By Cindy Perlin, Guest Columnist
The recent article by Dr. Jane Ballantyne and Dr. Mark Sullivan in the New England Journal of Medicine suggesting that reduction of pain intensity should not be a goal in the treatment of chronic pain patients has provoked a great deal of anger amongst pain patients, and rightly so.
It’s obvious that these doctors have never been in mind-numbing chronic pain and don’t understand that it’s not always possible to suck it up and just go about one’s life. It’s also inhumane to not do everything possible to relieve suffering.
The article reflects a great deal of ignorance, not only about the nature and extent of suffering but also about the causes of pain and the efficacy of treatment. The authors, after stating that opioids do not relieve chronic pain in many patients and have caused harm to many others, apparently dismiss all possible treatments as essentially dangerous or worthless, throw up their hands and advise physicians not to bother treating pain.
It’s true that opioids have caused a great deal of harm. According to a recent Kaiser Family Foundation poll, 27% of Americans said they or a family member or close friend are addicted to opioids and 9% said someone close to them had died of an overdose.
This problem would not have reached epidemic proportions if physicians were not prescribing opioids for every little ache and pain their patients have. I was prescribed 60 Vicodin after a tooth extraction. I used two doses of ibuprofen instead. Some patients are dying after being prescribed opioids after athletic injuries, despite the fact that the National Safety Council reports that ibuprofen works as well as oxycodone and that a combination of ibuprofen and acetaminophen works better than oxycodone for pain.
Doctors routinely ignore medical guidelines that advise only using opioids as a last resort. They also rarely tell patients that the medication could be addictive. If doctors only used opioids as a last resort and warned patients of the risks, we would not be in the midst of the worst drug epidemic in U.S. history.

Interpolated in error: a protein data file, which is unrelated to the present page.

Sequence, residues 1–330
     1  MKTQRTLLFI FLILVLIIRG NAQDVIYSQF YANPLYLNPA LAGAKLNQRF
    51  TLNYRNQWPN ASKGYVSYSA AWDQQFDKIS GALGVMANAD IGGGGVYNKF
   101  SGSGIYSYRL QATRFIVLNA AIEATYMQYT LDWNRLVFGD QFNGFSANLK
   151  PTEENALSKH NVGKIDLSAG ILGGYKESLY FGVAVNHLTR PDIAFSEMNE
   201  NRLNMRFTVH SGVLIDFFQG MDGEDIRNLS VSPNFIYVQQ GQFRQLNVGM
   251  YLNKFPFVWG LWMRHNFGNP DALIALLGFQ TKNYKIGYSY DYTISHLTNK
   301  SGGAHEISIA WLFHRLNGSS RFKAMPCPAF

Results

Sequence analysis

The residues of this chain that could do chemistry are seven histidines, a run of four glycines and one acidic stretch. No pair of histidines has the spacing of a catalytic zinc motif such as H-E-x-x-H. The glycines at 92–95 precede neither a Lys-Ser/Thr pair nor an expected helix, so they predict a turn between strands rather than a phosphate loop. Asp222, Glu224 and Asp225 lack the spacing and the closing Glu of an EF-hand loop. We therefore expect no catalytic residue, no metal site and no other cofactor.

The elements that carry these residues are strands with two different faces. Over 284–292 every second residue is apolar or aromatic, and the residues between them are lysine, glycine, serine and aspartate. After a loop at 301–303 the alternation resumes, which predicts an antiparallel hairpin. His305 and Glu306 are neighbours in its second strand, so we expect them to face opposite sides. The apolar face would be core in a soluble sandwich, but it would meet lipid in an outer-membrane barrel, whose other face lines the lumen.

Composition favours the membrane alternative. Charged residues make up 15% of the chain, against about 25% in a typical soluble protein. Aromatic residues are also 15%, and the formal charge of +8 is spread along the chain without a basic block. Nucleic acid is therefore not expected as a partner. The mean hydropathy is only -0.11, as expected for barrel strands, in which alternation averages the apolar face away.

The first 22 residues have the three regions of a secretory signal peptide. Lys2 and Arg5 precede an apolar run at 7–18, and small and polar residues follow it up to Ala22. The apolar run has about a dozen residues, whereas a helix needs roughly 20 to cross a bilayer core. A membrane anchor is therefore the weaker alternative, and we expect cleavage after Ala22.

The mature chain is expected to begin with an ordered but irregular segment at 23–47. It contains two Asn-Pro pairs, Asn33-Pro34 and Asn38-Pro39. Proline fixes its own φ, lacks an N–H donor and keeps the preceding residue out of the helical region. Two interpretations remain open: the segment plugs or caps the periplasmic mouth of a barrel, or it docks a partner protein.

The real problem is that the only way some doctors know how to treat pain is to reach for their prescription pad. Ballantyne and Sullivan are wrong when they say that alternative treatments only teach people better acceptance of their pain. Mind/body based treatments (biofeedback, neurofeedback, cognitive behavioral therapy, trauma resolution techniques), body based practices (chiropractic, physical therapy, massage), energy based treatments (acupuncture, homeopathy, energy healing), nutrition, herbs, exercise, light therapy and other therapies all affect the underlying physiology of pain and reduce it.
Physicians, due to their medical training and their professional culture, are highly resistant to referrals to non-physician providers, to the detriment of their patients. I had one of those discussions Ballantyne and Sullivan recommend with a seemingly compassionate orthopedic surgeon many years ago after 3 years of unremitting, agonizing back pain.
He spent 45 minutes examining and talking to me, told me he didn’t know what was wrong with me or how to fix it, and advised me to go about my life as best I could. I did appreciate that he seemed to hear me and care about me, but my pain was still there.
Not long after that I discovered biofeedback on my own and it helped tremendously. I also discovered self-hypnosis and exercise and eventually got better. Many years later I became a Licensed Clinical Social Worker and a certified biofeedback practitioner and started working with pain patients.
Fifteen years after my initial contact with that orthopedic surgeon I wrote him a letter describing my journey. I told him I believed that I was now in a position to help patients like me whom he couldn’t help. I asked to meet with him. He refused and has never referred a patient.
I ran into a similar stone wall with pain specialists in my community. Some made vague references to “liability” if they referred, others ignored me completely.
Too many physicians are loathe to admit that a non-physician might have a better answer than theirs to prevent further harm and suffering. I don’t know how they can sleep at night.
Cindy Perlin is a Licensed Clinical Social Worker, certified biofeedback practitioner, chronic pain survivor and the author of “The Truth About Chronic Pain Treatments: The Best and Worst Strategies for Becoming Pain Free.”
For the last 25 years Cindy has helped her clients improve their emotional and physical well-being through her private practice near Albany, New York.
The information in this column should not be considered as professional medical advice, diagnosis or treatment. It is for informational purposes only and represent the author’s opinions alone. It does not inherently express or reflect the views, opinions and/or positions of Pain News Network.